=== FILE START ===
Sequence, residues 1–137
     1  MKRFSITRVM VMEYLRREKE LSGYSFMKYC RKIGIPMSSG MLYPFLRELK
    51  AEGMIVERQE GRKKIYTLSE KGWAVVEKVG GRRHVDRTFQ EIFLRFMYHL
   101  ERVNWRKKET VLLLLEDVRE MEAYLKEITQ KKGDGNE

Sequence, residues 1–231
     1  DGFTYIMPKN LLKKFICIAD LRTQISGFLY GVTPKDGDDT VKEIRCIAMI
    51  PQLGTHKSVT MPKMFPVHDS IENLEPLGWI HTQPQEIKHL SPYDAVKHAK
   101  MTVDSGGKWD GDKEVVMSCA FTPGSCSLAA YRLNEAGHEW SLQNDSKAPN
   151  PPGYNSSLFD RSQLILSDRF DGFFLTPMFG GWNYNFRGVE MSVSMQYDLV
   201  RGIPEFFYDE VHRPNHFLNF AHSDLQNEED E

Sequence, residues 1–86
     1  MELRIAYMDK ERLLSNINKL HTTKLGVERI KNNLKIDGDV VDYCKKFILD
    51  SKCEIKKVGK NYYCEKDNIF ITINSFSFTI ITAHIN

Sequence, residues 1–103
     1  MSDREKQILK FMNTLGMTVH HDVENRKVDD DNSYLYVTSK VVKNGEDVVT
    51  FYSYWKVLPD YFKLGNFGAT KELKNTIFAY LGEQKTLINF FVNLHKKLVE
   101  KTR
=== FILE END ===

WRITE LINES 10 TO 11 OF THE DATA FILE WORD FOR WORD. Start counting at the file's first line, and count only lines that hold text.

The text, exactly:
   201  RGIPEFFYDE VHRPNHFLNF AHSDLQNEED E

Sequence, residues 1–86